Operating system functions and implementations: multitasking; concurrency and synchronization; deadlock; scheduling; resource allocation; real and virtual memory management; input/output; file systems. Students write several substantial programs dealing with concurrency and synchronization in a multitask environment. Cost:2 WL:1
483/EECS 483. Compiler Construction. CS 370, CS 380, and CS 381. (4). (Excl).
Introduction to compiling techniques including parsing algorithms, semantic processing, and optimization. Students implement a compiler for a substantial programming language using a compiler generating system. Cost:2 WL:1
484/EECS 484/IOE 484. Database Management Systems. CS 380 or IOE 473. (3). (Excl).
Concepts and methods in the definition and management of large integrated data bases for organizational information systems. Functions and objectives of existing file and data management systems will be considered and methods of analyzing proposals for new data management software will be studied; database administration, database design, and data security problems. Cost:2 WL:1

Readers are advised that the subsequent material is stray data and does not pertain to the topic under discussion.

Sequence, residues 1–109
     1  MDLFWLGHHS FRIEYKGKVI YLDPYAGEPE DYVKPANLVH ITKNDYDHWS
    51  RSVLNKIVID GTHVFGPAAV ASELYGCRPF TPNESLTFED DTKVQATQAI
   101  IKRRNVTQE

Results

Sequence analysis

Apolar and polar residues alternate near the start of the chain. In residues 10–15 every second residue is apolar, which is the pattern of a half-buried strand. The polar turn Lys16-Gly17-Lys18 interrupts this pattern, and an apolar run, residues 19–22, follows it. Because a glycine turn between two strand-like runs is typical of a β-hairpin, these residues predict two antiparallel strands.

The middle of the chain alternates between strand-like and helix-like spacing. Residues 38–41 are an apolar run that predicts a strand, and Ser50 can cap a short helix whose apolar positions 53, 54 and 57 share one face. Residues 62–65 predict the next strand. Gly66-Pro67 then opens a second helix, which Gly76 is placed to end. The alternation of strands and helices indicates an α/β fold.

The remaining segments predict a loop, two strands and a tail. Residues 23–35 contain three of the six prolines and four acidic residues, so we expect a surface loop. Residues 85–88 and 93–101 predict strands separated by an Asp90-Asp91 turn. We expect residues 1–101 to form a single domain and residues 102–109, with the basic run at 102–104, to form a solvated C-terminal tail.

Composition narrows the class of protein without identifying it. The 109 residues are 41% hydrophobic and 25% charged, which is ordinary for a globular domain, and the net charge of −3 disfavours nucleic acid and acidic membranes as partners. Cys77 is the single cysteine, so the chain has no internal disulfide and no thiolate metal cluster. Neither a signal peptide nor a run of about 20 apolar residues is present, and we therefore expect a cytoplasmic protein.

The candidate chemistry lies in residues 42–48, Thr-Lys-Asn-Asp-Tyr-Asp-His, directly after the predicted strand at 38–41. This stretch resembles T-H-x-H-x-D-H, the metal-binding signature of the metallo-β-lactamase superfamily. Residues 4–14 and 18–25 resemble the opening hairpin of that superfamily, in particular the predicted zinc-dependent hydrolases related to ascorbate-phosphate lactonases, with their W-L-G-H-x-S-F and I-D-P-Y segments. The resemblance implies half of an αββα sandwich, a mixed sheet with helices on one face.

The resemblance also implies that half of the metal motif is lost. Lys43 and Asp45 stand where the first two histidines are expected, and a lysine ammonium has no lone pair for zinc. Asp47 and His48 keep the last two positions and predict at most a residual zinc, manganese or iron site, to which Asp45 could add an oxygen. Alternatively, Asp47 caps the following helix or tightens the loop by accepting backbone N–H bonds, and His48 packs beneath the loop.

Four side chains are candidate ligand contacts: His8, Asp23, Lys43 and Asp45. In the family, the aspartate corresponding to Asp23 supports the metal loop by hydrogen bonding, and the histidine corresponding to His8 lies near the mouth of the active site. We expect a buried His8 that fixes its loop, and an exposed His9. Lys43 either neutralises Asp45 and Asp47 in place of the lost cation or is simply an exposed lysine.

487/EECS 487/IOE 478. Interactive Computer Graphics. CS 380 or IOE 373, and senior standing. (3). (Excl).
Graphics devices and fundamentals of operation. Two dimensional and three dimensional transformations. Interactive graphical techniques and applications. Three dimensional graphics, perspective transformation, hidden line elimination. Data structures and languages for graphics. Interactive graphical programming. Cost:2 WL:1
492/EECS 492. Introduction to Artificial Intelligence. CS 303 and CS 380. (4). (Excl).
Basic artificial intelligence methods using LISP. Topics covered include search, rule-based systems, logic, constraint satisfaction, and knowledge representation. Cost:2 WL:1
493/EECS 493/IOE 437. User Interface Design and Analysis. CS 481. (3). (Excl).
Current theory and design techniques concerning how user interfaces for computer systems should be designed to be easy to learn and use. Focus on cognitive factors, such as the amount of learning required, and the information-processing load imposed on the user, rather than ergonomic factors.